The powers behind “The West Wing” are making this campaign promise: Sunday’s live debate between presidential candidates Arnold Vinick and Matt Santos will be far from politics — or television — as usual.
Laurence O’Donnell, who balances work as a political analyst and a “West Wing” executive producer, said the hourlong episode (8 p.m. ET on NBC) represents “my wish-fulfillment debate.”
“We are using the accepted liturgy of presidential debates. It will look the same, it will be moderated by Forrest Sawyer, a real news person, it will have all that real feel to it,” O’Donnell said.
“But I think it will be more satisfying in that the candidates end up really going into the issues in a way that they normally would not,” he said. “They end up each forcing the other to get more honest as the debate wears on.”
In other words, Republican Vinick, played by Alan Alda, and Democrat Santos, portrayed by Jimmy Smits, will listen and respond to each other — as opposed to real-world debates that tend to excise substance or spontaneity.
By the book? Not so muchThe fictional encounter starts with the usual rules, the kind that “are set up by the candidates and are there to protect the candidates and not promote an informed debate,” said executive producer Alex Graves, who is directing O’Donnell’s script.
But one of the politicians — Graves won’t say who — quickly proposes tossing the book aside.
“And that’s the starting point and everybody, including the moderator, underestimates what that’s going to mean,” Graves said. “It ends up ... with the candidates doing and saying things you would never expect to see in a debate, never.”
The actors may also do something rarely seen. Although they have a script, Alda and Smits also received a crash course in debate strategy and issues that will allow them to veer off the page.
“It’s loose enough that it will be exciting to the audience,” Smits told The Associated Press.
Asked if that approach puts unusual pressure on the actors, he replied: “Pressure? I’m totally sweating this.”
The episode, with separate live versions for Eastern and Western time zones and with just two commercial breaks, could be the highlight of a resurgent year for “The West Wing,” which is drawing lavish critical praise after being dinged in recent seasons for a creative slump.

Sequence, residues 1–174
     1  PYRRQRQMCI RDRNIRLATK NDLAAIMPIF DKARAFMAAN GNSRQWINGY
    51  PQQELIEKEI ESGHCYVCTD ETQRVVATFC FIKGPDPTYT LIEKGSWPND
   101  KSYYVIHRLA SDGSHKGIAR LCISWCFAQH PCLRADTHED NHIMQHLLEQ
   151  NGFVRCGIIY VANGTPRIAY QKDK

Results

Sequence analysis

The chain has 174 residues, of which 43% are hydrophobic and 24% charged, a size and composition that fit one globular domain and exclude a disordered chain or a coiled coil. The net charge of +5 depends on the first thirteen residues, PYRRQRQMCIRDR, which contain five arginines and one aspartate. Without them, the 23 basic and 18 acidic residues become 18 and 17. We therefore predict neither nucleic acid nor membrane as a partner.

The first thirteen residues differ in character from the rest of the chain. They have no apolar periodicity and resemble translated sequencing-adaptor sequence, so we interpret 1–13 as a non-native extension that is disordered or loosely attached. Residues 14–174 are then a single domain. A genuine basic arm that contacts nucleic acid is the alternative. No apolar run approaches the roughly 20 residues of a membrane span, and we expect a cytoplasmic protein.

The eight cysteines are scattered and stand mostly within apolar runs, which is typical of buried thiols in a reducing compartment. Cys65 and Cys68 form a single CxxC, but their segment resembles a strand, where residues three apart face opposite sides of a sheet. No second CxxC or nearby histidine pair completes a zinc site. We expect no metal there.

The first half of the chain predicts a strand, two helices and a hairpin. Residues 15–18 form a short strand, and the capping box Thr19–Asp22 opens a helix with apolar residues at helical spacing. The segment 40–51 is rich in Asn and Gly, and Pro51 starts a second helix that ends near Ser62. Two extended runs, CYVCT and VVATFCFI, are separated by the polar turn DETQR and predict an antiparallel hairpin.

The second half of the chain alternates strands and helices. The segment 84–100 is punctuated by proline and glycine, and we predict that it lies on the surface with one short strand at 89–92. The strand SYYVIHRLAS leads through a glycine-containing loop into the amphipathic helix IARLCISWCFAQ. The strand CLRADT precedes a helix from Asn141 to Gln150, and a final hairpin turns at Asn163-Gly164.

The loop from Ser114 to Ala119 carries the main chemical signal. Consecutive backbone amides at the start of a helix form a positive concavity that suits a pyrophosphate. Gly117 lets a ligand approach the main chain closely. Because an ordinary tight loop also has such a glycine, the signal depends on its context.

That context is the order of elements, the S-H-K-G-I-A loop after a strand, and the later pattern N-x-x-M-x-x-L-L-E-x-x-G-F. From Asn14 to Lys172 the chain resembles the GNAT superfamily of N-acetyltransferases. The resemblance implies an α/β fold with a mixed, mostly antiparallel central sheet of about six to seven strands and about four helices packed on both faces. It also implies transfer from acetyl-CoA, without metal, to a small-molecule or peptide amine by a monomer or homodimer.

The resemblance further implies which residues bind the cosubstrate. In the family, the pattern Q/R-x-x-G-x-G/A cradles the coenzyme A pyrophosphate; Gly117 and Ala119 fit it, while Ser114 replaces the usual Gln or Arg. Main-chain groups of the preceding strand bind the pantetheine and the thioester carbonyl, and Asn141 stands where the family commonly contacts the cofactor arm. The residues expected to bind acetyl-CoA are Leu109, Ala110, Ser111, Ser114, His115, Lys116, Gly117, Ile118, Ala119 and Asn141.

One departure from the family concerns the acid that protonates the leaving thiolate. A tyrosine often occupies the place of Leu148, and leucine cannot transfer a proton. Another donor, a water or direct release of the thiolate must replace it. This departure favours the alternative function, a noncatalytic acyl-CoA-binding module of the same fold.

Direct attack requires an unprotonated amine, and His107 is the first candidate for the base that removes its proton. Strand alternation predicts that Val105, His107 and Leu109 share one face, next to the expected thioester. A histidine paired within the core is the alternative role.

Ratings for the series need a jolt. In the first few weeks of the season, and with a move from Wednesday to Sunday, it lost more than 30 percent of its audience (while ABC’s new Oval Office drama “Commander in Chief” jumped into the top 10).
Whether “The West Wing” can regroup and return for an eighth year, it’s making this season count. There’s the immediacy of a story line with echoes of the CIA leak case, with the TV version involving communications director Toby Ziegler and space program secrets.
That’s intercut with the lively presidential campaign that could end up with the White House remaining in the hands of the Democratic Party or with a moderate Republican senator from California gaining control early next year.
The producers are claiming they have yet to decide whether Vinick or Santos prevails; maybe Sunday’s show will offer clues.
“The West Wing” featured a debate before, between President Bartlet (Martin Sheen) and Republican opponent Robert Ritchie (James Brolin). But that fourth-season show switched between behind-the-scene machinations and the debate itself.
This time, the producers decided to really stretch TV’s boundaries. Scenes typically last scant moments; the debate episode will offer two 25-minute blocks of uninterrupted drama, most of it focused on the candidates.
“We’re letting two great actors really go at each other and try to defeat each other for basically an hour, nonstop,” O’Donnell said, with the chance to go “deeper and deeper and slug each other harder and harder.”
Issues include taxes, health care and U.S. border security. (The topic of abortion was explored in the previous week’s episode.)
The challenges are “more exciting than daunting,” said Alda, who, like Smits, has worked on the stage. The “M*A*S*H” star also can claim live on-air experience: In the early days of TV and his career, Alda appeared on shows including “The U.S. Steel Hour.”
He likes his character — Vinick “seems unusual in that the positions he takes have some connection to the values he holds,” Alda notes dryly — and is rooting for him.
“It makes it fun. When an actor plays a character, you want what that character wants. Otherwise it doesn’t look authentic. So I really want to defeat Jimmy — I mean Jimmy as the character,” Alda said.
“No, he wants to win,” is the retort from Smits when told of Alda’s remark.
The actors and producers agree there’s significant room for error on a live episode, especially given how infrequently it’s done (an “ER” episode and the recent “Will & Grace” episode among the few examples).
Ever the strategist, O’Donnell suggests that missteps could prove as rewarding for viewers as a flawless hour.
“We could get it completely wrong. You might be able to only hear Alan Alda and not hear Jimmy because the mikes don’t work (or) the camera goes out; some crazy thing happens with the equipment. Certainly, the actors can lose their way.”
“There’s just nothing more fun to watch than that kind of train wreck. If I wasn’t involved with the show I’d be turning it on just to see: OK, how do they screw up,” he said.